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Iconic Duos: Del Piero and Trezeguet, Juventus’ potent partnership

Criticism, injury and relegation – iconic Juventus duo Alessandro Del Piero and David Trezeguet stuck it out together through thick and thin.

In the aftermath of Del Piero’s breakthrough 1994/95 campaign, outspoken Juventus owner Gianni Agnelli dubbed the 20 year-old ‘Pinturicchio’ (little painter) – an obscure reference to a lesser known Renaissance artist.

At face value the nickname was flattering, but the eccentric Agnelli – a descendent of the founders of the Fiat motor company – often spoke in riddles.

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The industrialist later explained that the club’s talisman, Roberto Baggio, played with the masterful artistry of the renowned painter Giotto – while Del Piero was simply Baggio’s progeny, a student of the ‘The Divine Ponytail’s’ craft.

Three years later, Del Piero proved his worth to Agnelli by scoring a career high total of 32 goals in all competitions. In doing so, the 1998 Italian Footballer of The Year fired La Vecchia Signora to their second successive scudetto.

Disaster struck shortly after, with Del Piero rupturing the anterior and posterior ligaments in his left knee. He spent the remainder of the 1998/99 season on the treatment table and, over the following seasons, struggled to reproduce his stellar form.

Of course, his reproval in the media didn’t help – especially when it came from within his own camp.

In a 2000 interview, an increasingly impatient Agnelli poked fun at Del Piero, derisively naming him ‘Godot’ – a reference to Samuel Beckett’s play, where an expected character (Godot) never shows up.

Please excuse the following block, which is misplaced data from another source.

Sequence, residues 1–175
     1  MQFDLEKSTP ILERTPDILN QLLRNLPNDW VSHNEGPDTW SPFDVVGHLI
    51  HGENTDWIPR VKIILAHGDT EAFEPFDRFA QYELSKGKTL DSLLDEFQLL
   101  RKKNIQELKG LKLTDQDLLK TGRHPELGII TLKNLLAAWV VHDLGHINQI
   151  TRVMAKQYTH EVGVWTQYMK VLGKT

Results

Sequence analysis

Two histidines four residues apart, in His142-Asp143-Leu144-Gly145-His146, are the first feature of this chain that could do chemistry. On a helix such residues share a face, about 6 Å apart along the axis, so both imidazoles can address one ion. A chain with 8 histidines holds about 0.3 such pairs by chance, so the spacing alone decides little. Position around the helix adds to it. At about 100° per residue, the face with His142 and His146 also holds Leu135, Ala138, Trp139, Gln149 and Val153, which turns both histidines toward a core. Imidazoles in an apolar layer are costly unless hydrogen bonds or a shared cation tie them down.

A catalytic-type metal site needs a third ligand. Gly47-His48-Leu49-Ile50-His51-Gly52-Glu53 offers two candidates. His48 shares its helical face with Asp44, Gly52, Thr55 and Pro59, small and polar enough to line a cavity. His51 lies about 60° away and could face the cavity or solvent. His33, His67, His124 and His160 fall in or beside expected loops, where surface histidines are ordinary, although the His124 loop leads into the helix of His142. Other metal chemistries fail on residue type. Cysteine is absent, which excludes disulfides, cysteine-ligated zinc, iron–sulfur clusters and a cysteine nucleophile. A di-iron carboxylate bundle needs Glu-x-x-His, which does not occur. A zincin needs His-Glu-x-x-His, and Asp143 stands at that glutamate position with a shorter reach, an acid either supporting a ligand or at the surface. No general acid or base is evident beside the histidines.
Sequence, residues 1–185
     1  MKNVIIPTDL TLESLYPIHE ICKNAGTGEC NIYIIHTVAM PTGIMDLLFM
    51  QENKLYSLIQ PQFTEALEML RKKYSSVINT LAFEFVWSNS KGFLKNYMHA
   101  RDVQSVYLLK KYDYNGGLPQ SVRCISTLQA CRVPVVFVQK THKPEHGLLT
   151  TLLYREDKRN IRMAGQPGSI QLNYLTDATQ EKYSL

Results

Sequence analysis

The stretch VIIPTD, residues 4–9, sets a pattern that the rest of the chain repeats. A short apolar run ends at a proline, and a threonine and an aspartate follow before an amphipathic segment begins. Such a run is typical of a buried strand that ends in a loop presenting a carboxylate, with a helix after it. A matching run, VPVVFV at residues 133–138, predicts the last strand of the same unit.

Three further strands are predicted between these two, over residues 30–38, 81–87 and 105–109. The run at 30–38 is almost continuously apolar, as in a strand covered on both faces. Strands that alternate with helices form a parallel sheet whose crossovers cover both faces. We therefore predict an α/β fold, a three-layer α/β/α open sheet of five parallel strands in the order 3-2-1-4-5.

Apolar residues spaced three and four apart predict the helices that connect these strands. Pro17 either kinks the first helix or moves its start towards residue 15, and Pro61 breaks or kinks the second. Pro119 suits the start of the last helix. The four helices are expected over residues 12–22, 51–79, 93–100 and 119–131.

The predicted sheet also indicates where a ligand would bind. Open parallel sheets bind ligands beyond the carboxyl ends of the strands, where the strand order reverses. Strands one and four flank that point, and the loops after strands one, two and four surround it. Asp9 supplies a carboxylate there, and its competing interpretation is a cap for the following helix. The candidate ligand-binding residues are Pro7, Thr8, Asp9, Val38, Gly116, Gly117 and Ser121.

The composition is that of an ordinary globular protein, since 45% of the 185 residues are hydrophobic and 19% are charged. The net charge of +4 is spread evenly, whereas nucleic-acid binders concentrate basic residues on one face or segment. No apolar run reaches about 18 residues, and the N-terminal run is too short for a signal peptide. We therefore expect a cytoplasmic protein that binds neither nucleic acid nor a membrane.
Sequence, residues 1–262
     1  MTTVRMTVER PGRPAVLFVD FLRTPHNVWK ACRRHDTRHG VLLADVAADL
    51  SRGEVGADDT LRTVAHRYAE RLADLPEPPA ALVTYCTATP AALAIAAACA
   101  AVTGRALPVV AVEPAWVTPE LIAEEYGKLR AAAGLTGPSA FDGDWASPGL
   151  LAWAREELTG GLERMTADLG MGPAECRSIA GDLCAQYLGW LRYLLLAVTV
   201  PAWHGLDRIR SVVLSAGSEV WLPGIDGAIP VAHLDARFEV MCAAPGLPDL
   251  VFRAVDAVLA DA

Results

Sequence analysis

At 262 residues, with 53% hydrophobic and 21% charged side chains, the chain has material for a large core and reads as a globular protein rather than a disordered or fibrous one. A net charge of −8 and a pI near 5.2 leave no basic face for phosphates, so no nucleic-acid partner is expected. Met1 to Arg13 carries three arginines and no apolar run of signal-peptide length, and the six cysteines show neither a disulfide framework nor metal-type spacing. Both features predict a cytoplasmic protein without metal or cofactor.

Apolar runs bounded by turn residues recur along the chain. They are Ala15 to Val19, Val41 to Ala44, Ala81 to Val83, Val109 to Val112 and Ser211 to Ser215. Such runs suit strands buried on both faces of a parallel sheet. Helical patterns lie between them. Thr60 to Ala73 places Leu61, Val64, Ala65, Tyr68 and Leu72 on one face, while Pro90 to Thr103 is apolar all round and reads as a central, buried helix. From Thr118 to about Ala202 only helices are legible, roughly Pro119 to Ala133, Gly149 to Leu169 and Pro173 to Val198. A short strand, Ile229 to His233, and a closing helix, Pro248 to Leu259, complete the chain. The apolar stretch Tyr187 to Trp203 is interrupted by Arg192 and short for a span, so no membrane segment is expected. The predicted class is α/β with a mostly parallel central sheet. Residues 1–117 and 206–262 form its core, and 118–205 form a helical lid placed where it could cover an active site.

As Del Piero misfired, Juve were heavily outscored by 2000/01 Serie A champions Lazio, prompting manager Carlo Ancelotti to bolster his attacking options. With 62 goals to his name over the previous three campaigns, Monaco’s David Trezeguet was top of his shopping list.

The lure of the famous black and white stripes and the opportunity to follow in the footsteps of Michel Platini, Zinedine Zidane and confidante Thierry Henry – it was a dream move for Trezeguet.

However, after an ironic twist of fate, the World Cup winner arrived in Italy to a contemptuous reception.

Having sealed his move to the Turinese giants earlier that summer, Trezeguet went on to break Italian hearts, scoring the decisive golden goal against the Azzuri in the Euro 2000 final.

With Dino Zoff’s side comprising mostly of Juve players, match winner Trezeguet hadn’t exactly endeared himself to his future team mates.

Trezeguet began his debut season on the bench, with Ancelotti favouring the established strike partnership of Del Piero and Filippo Inzaghi. While the Frenchman adapted to his new life off the pitch, Del Piero’s torrid time on it continued.